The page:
Coming to America was by far the most important event in my life. I was born in a small rural town in the northern part of Italy. My parents worked at a local hospital and gained respect within our small community. I was totally satisfied with my life because we had a nice house and many friends and lived in a beautiful place. I could not even imagine that I would have to leave my native town and move across the ocean. When I was 14, my father was invited to work at a large hospital in Boston, Massachusetts. My parents decided it would be a great opportunity for them to develop professionally and try something new. I was a teenager and did not realize how important it was for them to move to America.
When I was told that we were going to move to another country in five months, I was devastated. I was so happy in Italy and had many good friends there. Although my parents tried to convince me I would find new friends in America, I thought my life was over. I was a very emotional teenager, and such a dramatic change in my life was perceived as a disaster. I had poor language skills and prepared to become an outsider in my new school.
First four months in America were depressing. We came there in winter, so Massachusetts looked very unwelcoming. I got used to living in the mountains, skiing, and breathing the fresh air, so did not like Boston at all. I have to admit that it was my teenager grudge and skepticism that prevented me from seeing all the benefits of my new home. My parents soon bought a spacious apartment in the downtown, and we had very nice neighbors with children of my age. I went to school, which was much better than my old one. However, I did not want to accept the fact that I would no longer live in Italy and that my life has changed once and for all.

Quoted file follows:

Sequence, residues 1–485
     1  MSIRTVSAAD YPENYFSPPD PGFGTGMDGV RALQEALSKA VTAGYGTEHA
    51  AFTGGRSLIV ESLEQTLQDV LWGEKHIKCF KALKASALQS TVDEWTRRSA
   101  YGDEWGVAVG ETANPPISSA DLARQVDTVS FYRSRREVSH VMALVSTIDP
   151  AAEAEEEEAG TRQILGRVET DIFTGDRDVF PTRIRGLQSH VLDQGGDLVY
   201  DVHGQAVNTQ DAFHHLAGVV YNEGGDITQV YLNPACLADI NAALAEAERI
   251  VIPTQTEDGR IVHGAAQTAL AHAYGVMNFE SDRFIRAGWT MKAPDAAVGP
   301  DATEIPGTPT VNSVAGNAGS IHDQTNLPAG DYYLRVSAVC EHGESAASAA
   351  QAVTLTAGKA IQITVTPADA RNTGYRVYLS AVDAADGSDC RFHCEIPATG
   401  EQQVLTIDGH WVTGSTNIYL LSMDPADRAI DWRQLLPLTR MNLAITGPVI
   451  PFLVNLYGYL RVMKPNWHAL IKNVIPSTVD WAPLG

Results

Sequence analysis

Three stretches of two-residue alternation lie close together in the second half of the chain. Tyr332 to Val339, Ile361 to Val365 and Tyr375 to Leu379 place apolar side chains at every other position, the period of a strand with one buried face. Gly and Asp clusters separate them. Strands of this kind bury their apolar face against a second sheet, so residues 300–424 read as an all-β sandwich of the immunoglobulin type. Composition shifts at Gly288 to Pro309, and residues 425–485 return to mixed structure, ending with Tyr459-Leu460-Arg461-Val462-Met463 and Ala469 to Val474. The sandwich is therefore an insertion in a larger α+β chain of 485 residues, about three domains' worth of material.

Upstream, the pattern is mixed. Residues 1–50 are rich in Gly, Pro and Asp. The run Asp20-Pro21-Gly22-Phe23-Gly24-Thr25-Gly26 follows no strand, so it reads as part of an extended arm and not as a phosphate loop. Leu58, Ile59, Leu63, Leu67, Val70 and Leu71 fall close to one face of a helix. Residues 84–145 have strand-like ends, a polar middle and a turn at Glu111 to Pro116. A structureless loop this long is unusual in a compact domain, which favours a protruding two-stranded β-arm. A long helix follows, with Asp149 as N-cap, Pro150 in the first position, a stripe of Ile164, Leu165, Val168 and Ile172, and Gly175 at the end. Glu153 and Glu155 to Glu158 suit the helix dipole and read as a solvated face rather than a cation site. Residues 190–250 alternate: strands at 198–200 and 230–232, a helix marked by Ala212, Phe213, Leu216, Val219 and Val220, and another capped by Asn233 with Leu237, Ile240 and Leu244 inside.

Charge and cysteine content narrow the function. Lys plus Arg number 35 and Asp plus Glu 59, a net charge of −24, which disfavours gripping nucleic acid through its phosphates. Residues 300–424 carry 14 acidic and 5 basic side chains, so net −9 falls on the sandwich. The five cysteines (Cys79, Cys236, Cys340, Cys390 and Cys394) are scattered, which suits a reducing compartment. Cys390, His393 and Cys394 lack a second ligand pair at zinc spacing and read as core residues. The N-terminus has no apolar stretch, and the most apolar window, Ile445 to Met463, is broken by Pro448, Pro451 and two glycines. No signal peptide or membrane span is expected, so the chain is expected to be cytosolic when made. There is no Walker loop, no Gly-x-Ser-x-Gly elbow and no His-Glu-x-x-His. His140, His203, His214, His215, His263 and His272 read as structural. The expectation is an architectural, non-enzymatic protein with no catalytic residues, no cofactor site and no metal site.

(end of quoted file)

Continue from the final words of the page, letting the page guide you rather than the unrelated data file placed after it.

It is important to note that one of the biggest challenges was to build my new identity. I realized that I never stopped being an Italian, but I also knew that I was not American. I painfully perceived the cultural differences between me and my classmates and thought I would never feel comfortable in this place. Everyone saw me as a strange Italian girl who cannot speak English well, and I could not change that no matter how I tried. I desperately wanted to become a part of this new society but lacked understanding and support. My parents worked a lot, and they did not have time to explain to me how to behave.
Luckily, I managed to find new friends. Anna and Sam lived in the same building and were of the same age, so we quickly found common ground. They supported me and motivated me to learn English as fast as possible. Anna once told me a very important idea that has driven me forward ever since. She said, “The key to succeeding in this country is to believe in yourself and never let anyone say that you are an outsider. This place it full of foreigners, and this is what makes this country so unique.” I gradually realized that being an Italian was not a barrier to integration. I learned to value my cultural background while at the same time began enjoying my new experience.
It has been three years since I came to America. I am proficient in English now and have many friends. Me and my parents go to Italy every summer and I still love my native country with its spectacular nature and welcoming people. Yet, I feel that America has changed me much. I learned to be more open, confident, and ambitious. I know that I have many opportunities here, and I am grateful to my parents for bringing me here. I am still Italian, but I also feel a part of this energetic, hard-working, and aspiring nation.
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